Building Relationships in the Community – and Keeping Them Healthy.

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Gloria Neal, Morning Anchor at WGCL TV 46 (Atlanta), me (Bunnie Jackson-Ransom), author of “Getting The Word Out: How to Market Your Ministry”, and Millie Miller, President of the Atlanta Chapter of 100 Black Women. We gathered together to break bread and to talk – some girl-talk; some ways to connect with each other; and some conversation about the world around us.

No man (or woman) is an island.  We live in a society from which we draw strength and a reputation. In order to live a more meaningful and fulfilled life, many people are engaged in a purposeful life through relationships they have with other people – individuals, teams, and/or organizations.    Let’s examine building relationships in order to strengthen our interactions within the community where we live – in order to make the world around us a better place.

Reasons to build a good relationship is consistent – throughout our adult lives:

  • Relationships give meaning to our lives and to the work that we do. A group of people moving in the same direction make a bigger splash.
  • Relationships give us validity and support us in all that we do – for the causes we work for or for our personal challenges.
  • The more relationships we have, the better the relationship, the more effective we become in just about all that we do.

Building community relationships is at the center of “networking” which is what we do when we “get the word out.”    Casual relationships are not what we are aiming for as we are building a networking group to help us with programs and projects for the organizations we work with in our communities – our clubs, organizations and our churches.  Solid relations require trust and take a little time.  In other words, you usually get what you give.  A smile and a quick “How are you doing?” will start a relationship; but this will get you a smile and a quick “How is your sister doing?” in return.  What we are striving to achieve is a meaningful relationship; and you will have to take this budding relationship that you get with the casual greeting to the next level when you engage your new-found friend and bring them into your network.  This happens when you have done a bit of relationship-building and have started to build trust.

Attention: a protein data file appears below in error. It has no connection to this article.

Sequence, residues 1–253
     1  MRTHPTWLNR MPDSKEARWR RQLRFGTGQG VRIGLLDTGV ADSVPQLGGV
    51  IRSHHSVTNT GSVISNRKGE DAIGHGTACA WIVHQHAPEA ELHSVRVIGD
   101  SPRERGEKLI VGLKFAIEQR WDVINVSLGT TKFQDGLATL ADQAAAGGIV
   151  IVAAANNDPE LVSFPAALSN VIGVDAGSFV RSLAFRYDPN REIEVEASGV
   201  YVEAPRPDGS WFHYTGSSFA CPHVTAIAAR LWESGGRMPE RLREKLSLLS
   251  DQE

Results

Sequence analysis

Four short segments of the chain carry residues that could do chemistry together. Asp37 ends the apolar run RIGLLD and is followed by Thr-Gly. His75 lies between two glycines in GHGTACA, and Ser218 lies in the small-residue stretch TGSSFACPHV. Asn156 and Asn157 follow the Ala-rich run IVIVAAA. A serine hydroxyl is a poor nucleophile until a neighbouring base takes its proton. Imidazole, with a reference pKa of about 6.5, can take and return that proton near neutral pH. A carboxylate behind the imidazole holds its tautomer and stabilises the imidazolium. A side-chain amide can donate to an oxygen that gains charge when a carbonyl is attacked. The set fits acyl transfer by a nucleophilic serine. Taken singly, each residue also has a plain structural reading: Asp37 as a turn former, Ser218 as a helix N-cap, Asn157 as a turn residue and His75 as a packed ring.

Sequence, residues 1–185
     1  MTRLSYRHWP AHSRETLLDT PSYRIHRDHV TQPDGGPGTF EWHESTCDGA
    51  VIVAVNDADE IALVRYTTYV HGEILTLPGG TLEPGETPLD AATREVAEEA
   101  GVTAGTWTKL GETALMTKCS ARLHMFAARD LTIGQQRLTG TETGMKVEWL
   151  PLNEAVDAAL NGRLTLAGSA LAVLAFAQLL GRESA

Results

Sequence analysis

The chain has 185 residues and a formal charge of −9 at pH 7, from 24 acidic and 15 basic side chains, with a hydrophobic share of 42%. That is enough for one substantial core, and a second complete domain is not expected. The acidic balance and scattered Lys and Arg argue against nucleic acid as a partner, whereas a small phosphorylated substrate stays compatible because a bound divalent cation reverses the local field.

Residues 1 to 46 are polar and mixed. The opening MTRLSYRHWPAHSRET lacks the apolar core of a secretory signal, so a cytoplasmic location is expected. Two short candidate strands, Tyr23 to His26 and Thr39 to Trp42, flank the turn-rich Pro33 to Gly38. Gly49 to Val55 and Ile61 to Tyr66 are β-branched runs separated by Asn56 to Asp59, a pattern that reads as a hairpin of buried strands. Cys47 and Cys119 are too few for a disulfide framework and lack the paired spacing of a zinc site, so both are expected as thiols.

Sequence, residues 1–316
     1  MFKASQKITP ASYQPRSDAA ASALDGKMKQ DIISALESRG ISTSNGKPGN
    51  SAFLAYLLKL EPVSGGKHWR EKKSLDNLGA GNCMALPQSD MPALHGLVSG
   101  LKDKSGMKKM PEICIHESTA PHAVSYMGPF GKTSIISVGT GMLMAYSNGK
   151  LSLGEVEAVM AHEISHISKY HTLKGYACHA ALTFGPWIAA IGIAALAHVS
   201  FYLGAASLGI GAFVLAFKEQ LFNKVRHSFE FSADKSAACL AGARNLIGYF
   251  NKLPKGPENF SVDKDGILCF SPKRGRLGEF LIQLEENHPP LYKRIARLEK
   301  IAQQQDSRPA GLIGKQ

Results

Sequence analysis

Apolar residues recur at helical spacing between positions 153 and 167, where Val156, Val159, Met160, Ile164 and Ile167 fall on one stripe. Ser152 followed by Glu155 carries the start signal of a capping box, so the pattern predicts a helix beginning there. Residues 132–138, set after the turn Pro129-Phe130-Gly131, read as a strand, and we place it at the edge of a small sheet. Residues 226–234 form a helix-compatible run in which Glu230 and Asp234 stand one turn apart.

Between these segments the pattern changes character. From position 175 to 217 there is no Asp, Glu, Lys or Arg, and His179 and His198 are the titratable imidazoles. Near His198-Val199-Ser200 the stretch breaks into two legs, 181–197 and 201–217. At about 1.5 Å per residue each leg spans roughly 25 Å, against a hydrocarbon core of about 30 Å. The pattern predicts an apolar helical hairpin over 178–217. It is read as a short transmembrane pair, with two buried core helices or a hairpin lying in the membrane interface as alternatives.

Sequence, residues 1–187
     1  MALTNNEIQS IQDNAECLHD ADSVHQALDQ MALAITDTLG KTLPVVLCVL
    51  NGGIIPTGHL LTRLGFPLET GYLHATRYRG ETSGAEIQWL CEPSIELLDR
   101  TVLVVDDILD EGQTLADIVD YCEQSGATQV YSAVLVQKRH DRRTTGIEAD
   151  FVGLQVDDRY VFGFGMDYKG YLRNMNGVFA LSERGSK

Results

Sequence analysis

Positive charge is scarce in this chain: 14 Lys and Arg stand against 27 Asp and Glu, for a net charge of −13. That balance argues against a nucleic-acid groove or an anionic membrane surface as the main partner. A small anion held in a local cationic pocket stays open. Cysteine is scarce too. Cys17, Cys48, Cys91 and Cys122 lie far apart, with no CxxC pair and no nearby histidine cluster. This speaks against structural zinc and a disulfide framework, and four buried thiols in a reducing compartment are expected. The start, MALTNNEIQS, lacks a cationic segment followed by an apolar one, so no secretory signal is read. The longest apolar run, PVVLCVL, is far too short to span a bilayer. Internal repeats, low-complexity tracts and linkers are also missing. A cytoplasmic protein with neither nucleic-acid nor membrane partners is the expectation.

Start to build substantial relationships before you need them.

  • Build one-on-one relationships.
  • Broaden the relationship as needed – invite the person(s) into a closer circle of friends.
  • Talk with the individual – not at them.
  • Try to bring your two worlds together at some common ground.
  • Don’t be intimidated or intimidating.
  • Don’t lie.

Sustaining a relationship takes time and consistent “checking in” with the person on the other end of the relationship.

  • Back each other up as needed.
  • Be dependable – even if it means extending yourself for the relationship.

Building good relationships is the basis for keeping an organization (or even a marriage) running smoothly.   Anything worth having is worth working for.  All of us remember the bible verse taught by our Sunday school teachers “Do unto others as you would have them do unto you.”  This is a good motto for building and keeping your relationship solid.




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